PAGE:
Little Chamber Music series ranges from Schoenberg to Sesame Street

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      One of the pioneering works of 20th-century modernism, with a new dance score by an Indigenous choreographer. A selection of simple—but not necessarily simplistic—songs first made famous by Muppets. An outdoor concert featuring some of Vancouver’s finest brass players, using wooden instruments carved in a local park.

      As intriguing as these events all sound, there’s one question that’s puzzling us: what’s the through-line? Fortunately, Little Chamber Music artistic director Mark Haney, whose eclectic and ambitious company will present all three events in scenic Mountain View Cemetery, has the answer.

      “For me, the way they connect is about partnership,” he explains, checking in with the Straight from a bench in front of the CBC’s downtown headquarters. For the concert Moonshine, Arnold Schoenberg’s 1912 masterpiece Pierrot Lunaire is being produced in conjunction with the Blueridge Chamber Music Festival and choreographer Olivia C. Davies, with Blueridge co–artistic director Dory Hayley singing the title role.

      Brought to You by the Letter J, which will be presented twice, will be curated by Haney and his life partner, pianist and songwriter Ida Nilsen, with an all-star cast singing and playing the songs of long-time Sesame Street composer Joe Raposo. “The first albums I was truly addicted to were Sesame Street albums, in particular Ernie’s Hits and Oscar the Grouch’s Let a Frown Be Your Umbrella,” Haney reveals. “And in both of those, the songs I loved the most were written by Joe Raposo, so I’ve kind of been a fan of his since childhood. Ever since I took the reins of Little Chamber, I have wanted to do a Joe Raposo concert—and it took seven years, but we’re here, and it’s great.”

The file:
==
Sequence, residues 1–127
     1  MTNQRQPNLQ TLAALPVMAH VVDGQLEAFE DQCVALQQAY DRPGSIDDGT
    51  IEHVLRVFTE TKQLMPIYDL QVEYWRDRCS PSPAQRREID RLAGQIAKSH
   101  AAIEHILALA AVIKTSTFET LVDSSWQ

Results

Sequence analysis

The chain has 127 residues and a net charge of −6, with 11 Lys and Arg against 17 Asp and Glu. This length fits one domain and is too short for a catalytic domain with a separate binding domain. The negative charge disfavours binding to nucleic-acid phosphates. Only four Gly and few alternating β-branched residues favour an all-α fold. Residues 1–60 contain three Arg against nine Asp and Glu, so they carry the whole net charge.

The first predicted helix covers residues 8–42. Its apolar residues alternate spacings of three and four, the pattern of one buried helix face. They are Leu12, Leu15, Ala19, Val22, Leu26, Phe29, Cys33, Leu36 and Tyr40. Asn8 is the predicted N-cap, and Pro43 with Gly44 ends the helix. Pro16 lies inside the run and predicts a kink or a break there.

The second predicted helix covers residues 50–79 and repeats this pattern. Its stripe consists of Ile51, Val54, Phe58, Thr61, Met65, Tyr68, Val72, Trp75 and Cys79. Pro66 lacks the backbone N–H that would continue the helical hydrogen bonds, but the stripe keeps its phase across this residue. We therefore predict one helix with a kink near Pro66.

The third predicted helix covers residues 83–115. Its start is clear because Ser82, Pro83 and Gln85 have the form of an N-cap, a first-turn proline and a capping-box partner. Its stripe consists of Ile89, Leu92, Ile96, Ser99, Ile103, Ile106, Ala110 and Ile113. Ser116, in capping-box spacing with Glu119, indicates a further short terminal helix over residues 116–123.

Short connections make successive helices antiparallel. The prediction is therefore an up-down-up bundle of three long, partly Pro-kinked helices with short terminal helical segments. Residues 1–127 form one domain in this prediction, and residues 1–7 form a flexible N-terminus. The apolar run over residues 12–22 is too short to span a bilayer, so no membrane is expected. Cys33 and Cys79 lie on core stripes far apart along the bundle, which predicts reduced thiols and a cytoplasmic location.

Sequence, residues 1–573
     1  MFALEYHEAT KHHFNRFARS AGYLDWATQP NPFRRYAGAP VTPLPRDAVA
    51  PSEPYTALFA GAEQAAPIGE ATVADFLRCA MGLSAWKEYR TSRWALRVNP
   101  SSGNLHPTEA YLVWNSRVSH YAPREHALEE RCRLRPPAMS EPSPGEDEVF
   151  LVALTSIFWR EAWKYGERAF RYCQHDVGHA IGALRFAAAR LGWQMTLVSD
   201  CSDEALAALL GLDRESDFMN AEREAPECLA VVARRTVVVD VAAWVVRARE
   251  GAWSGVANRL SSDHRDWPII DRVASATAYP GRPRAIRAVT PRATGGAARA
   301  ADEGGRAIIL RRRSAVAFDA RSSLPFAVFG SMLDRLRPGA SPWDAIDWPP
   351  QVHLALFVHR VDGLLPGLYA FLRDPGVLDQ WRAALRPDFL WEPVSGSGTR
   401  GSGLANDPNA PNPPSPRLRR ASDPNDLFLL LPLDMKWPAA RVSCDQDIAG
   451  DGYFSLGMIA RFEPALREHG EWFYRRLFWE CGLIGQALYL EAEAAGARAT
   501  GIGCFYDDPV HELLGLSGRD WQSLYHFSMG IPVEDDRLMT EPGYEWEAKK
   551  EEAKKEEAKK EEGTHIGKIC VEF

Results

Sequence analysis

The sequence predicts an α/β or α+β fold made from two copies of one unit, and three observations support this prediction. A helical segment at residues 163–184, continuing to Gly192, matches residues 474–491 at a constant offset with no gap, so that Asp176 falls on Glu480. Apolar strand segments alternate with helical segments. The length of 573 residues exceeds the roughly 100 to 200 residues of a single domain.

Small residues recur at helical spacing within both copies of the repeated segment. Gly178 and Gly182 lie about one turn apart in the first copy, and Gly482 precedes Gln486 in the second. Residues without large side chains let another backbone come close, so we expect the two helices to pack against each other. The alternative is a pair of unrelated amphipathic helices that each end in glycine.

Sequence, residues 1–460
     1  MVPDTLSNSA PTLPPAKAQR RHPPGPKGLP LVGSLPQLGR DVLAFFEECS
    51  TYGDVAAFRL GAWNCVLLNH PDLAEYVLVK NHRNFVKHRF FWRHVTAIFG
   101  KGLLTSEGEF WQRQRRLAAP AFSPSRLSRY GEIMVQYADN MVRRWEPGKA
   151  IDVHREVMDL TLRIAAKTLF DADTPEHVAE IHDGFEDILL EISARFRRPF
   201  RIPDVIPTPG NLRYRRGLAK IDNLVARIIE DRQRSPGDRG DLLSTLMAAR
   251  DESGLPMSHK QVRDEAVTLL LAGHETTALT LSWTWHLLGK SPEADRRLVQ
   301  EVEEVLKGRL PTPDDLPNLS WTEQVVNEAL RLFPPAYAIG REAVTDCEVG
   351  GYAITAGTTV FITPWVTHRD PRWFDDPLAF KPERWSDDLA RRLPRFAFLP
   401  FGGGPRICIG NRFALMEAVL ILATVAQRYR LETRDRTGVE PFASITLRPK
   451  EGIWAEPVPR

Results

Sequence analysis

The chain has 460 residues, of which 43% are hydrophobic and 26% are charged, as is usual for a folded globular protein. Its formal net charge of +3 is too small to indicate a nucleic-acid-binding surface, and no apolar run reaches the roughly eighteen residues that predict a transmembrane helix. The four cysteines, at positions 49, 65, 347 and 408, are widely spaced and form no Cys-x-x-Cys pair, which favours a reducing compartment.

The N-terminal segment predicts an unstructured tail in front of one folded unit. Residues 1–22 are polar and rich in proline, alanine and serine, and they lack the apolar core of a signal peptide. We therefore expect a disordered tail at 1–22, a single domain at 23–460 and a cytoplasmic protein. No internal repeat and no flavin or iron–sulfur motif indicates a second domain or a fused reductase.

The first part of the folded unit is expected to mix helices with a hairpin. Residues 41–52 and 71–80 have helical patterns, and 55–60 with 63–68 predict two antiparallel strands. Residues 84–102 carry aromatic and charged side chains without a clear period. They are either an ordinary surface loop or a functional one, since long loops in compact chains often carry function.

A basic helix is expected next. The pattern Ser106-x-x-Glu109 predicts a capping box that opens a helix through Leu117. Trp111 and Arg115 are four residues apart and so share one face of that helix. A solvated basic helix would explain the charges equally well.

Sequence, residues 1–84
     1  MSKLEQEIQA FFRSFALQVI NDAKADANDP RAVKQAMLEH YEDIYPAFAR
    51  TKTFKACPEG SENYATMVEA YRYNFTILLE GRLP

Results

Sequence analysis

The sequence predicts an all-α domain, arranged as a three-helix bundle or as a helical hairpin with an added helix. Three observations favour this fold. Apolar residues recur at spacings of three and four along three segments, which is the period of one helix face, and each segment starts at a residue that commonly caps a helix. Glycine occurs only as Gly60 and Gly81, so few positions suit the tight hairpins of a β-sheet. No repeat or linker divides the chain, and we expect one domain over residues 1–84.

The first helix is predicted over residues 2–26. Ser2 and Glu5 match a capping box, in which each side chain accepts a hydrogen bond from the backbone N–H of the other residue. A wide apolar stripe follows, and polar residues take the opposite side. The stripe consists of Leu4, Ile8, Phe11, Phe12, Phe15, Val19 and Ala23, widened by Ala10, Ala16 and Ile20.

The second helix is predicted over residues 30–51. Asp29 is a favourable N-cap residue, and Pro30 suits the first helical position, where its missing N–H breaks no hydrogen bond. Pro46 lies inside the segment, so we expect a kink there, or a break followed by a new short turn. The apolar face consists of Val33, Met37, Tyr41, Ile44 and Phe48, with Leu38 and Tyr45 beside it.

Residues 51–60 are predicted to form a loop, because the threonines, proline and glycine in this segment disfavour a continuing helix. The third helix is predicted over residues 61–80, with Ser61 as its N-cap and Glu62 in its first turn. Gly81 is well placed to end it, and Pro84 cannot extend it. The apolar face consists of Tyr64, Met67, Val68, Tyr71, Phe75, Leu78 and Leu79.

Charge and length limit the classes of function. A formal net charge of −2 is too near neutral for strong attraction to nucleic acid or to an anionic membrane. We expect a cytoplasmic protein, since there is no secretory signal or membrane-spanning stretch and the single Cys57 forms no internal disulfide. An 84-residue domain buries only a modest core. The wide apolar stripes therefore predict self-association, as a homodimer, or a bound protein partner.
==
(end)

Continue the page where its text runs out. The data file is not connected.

Little Chamber Music artistic director Mark Haney brings another set of adventurous collaborations to Mountain View Cemetery.
      Wayne Worden

      The final part of Little Chamber Music’s summer season will be both a visual and a sonic spectacle: in the nine-piece band Treesong, trombonist Brad Muirhead and other brass virtuosos will put aside their usual instruments and perform on large and sonorous “Fuhorns” carved from local deciduous trees by musician and visual artist Dave Gowman. Adding to the celebratory feel is the fact that Muirhead’s extroverted scores will be performed outdoors.

      “It’s going to start with a call-and-response thing spread out around the cemetery, and then over the course of about the first half-hour, all the horns are going to congregate at the East Fountain, this circular area with a fountain in it, ringed by trees. And that’s where the bulk of the performance will take place,” Haney says. “I keep telling people that you haven’t seen or heard anything like this—and that’s just so true. The horns are so unique, the sounds they make are so unique, and if you know Brad, then you know he’s a unique composer and musician.”

      There’s considerable method behind all of this madness. Not only is Little Chamber Music doing a smart thing by programming music—in the case of Brought to You by the Letter J, at least—that avant-garde connoisseurs, indie-rock fans, and small children will enjoy, but all three programs are free. And in that sense, the company’s August trifecta is a collaboration with the audience as well as with a very diverse crew of artists.

      “Strength in numbers, right?” says Haney. “You’re always stronger with more good people than with less, so I just see this as a natural progression of everything we do.”

      Little Chamber Music presents Moonshine at Mountain View Cemetery’s Celebration Hall at 9 p.m. on Sunday (August 4). Brought to You by the Letter J takes place at 3:30 and 7 p.m. on August 11, also in the Celebration Hall. Treesong plays the cemetery at 7:30 p.m. on August 18.